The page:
when it comes to a job interview, preparation is essential.
However, even the best-laid plans can go out the window when nerves kick in. Here's how to make sure your plan goes to fruition.
- Find out as much as you can about the business.
How do they perform? Who are their competitors and clients? What are their main products or services? What opportunities could they be missing? What are the significant industry issues?
- Do the same research on the person interviewing you.
Who are they, and who do they answer to? What is their experience? Do you share any common interests, whether they’re related to work or leisure?
- Confirm your interview day and time. A mix-up only ever reflects poorly on you.
Finally, rehearse and rehearse again. Anticipate questions, list your skills and experience, and speak your answers out loud.
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- Dress respectfully, paying attention to your clothing, make-up and hairdo.
Having researched the business, dress to reflect who they are and their market.
- Sometimes a suit is a perfect answer, but it's not the right fit.
If you're unsure, err on the side of caution and wear something more formal than not.
During the interview, show interest in the role and the business. Ask lots of questions – here are some suggestions:
- Who will I be working with, and what are they like?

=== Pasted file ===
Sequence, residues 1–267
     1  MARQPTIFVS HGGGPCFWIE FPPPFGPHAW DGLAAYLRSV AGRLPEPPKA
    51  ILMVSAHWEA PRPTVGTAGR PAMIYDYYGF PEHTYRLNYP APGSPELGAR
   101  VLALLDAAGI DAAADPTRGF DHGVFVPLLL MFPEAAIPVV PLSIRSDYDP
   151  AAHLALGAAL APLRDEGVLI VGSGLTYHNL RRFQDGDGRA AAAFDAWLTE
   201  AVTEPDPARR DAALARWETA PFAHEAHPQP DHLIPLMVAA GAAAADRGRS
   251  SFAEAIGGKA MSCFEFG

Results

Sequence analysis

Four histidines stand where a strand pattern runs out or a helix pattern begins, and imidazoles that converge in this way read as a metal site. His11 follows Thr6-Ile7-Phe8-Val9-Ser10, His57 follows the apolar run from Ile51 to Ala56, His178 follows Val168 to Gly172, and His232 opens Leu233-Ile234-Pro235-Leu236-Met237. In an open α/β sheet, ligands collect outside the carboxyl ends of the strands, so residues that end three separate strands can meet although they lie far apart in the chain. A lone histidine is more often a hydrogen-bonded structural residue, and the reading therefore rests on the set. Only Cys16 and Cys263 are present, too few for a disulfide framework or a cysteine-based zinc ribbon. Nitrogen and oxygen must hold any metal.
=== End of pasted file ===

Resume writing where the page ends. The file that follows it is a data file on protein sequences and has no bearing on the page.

- Who will I report to, and how does my work impact their KPIs?
- What upcoming projects will I be working on?
- Is this a new position, or was it filled previously?
- What processes and systems are in place to help me achieve my goals?
Take notes as they answer your questions. Not only does it look professional, but the notes could come in handy when you’re called back for a second interview.
To sell yourself, you must be yourself, so don’t pretend to be somebody else. Instead, let your personality shine through.
- This is not a situation where you want to be shy about your skills and experience.
- An interviewer, who has likely seen numerous candidates in the past few days, will remember people because they had something interesting to say.
- Present your strengths to the interviewer and back them up with anecdotes about how you've used them to good effect in the workplace.